A rapidly growing number of Americans are coming to distrust “scientific” climate report conclusions that emanate from authoritarian government and institutional sources — often with good reason. Such skepticism has arisen in part from revelations of conspiracies among influential researchers to exaggerate the existence and threats of man-made climate change, withhold background data and suppress contrary findings evidenced in the “ClimateGate” scandal.
Other doubt is legitimately fueled by direct observations. We commonly witness alarmist claims based upon short-term warming events, while other equally notable cooling episodes are dismissed in importance, attributed to warming, or cited as proof of disturbing “climate change.”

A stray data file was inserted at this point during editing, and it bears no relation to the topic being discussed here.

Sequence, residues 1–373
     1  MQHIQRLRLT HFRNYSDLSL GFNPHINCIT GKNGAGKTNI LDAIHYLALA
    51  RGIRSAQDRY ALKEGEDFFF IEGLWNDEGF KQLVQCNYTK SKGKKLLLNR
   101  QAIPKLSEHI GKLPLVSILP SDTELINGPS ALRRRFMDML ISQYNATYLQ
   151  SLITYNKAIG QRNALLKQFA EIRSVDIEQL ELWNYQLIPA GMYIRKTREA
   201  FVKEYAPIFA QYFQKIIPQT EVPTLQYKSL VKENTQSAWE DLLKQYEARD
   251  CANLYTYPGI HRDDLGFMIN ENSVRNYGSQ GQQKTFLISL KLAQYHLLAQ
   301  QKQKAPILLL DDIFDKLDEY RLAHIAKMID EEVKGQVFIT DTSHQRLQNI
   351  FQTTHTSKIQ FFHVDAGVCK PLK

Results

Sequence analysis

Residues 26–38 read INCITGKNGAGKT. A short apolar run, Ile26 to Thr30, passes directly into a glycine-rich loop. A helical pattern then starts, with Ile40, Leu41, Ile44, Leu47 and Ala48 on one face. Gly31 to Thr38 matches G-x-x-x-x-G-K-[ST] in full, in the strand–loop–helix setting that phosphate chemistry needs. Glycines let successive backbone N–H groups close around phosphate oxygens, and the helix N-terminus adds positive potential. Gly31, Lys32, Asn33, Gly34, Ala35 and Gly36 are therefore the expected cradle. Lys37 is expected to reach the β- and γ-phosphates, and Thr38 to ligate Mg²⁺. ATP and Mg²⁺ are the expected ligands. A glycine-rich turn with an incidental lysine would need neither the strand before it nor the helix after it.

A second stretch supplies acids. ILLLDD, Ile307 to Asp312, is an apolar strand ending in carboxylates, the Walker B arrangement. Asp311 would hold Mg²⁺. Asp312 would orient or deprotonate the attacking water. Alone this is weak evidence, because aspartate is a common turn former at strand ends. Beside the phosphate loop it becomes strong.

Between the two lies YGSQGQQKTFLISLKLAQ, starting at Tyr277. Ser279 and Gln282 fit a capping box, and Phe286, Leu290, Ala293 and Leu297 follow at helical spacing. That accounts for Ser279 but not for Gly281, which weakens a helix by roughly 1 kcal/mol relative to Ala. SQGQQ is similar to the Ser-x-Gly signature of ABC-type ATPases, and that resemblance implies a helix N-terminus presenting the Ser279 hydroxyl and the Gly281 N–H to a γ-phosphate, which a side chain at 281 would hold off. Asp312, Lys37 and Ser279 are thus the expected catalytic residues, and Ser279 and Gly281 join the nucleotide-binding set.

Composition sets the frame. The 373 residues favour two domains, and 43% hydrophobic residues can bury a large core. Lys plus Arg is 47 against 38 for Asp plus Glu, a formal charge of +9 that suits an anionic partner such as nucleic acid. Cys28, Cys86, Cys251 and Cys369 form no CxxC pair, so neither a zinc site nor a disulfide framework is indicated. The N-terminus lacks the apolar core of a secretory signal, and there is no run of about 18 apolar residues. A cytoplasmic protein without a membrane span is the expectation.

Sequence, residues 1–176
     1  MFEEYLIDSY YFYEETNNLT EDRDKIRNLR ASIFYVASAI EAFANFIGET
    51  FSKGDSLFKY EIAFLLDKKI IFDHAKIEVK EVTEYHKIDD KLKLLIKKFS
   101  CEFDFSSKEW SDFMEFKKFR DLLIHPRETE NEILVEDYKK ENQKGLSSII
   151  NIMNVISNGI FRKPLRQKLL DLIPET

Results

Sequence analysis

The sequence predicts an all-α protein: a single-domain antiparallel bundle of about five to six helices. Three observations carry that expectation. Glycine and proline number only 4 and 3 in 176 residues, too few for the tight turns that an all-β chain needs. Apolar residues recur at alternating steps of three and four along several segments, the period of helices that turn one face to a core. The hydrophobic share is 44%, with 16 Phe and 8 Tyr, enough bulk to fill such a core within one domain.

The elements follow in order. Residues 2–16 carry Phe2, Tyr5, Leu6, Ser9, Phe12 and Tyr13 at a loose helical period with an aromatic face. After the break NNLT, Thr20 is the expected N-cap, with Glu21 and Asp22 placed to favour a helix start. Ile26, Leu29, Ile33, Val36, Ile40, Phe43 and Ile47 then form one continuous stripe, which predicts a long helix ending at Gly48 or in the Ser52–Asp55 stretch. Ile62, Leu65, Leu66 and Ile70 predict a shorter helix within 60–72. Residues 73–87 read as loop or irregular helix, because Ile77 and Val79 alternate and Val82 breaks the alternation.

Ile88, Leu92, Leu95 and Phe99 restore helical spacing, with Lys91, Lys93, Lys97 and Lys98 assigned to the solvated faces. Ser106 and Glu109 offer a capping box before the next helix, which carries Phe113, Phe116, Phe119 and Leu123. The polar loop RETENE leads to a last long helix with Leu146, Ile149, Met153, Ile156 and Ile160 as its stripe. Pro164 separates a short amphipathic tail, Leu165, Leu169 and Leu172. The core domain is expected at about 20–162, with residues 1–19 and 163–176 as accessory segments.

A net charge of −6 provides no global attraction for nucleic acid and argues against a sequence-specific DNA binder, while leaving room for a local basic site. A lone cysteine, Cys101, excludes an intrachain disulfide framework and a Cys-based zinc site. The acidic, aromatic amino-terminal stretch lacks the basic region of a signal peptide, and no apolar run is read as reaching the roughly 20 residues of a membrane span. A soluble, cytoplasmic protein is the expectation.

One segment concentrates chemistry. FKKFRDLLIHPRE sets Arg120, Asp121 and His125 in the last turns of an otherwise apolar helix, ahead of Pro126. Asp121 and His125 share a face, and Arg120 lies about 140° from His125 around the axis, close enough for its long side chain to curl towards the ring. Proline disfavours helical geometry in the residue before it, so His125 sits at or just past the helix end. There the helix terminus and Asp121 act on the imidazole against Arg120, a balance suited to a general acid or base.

Who pays for all this bad science, and worse, news? We do, of course. And it doesn’t come cheap. According to data compiled by Joanne Nova at the Science and Public Policy Institute
, the U.S. Government spent more than $32.5 billion on climate studies between 1989 and 2009. This doesn’t count about $79 billion more spent for related climate change technology research, foreign aid and tax breaks for “green energy.”
To suggest that climate science money trickles down from government would be a gross understatement. Actually, it cascades from mountains on high, presided over by agencies and their federal and state minions we generally assume to be knowledgeable and objective. But often we might be wrong. This occurs when a particularly orthodox or partisan view becomes inculcated into government leadership and surrogate organization power structures — yes, exactly like man-made global warming, for example. Then follow the rivers, streams and creeks as those influences spread.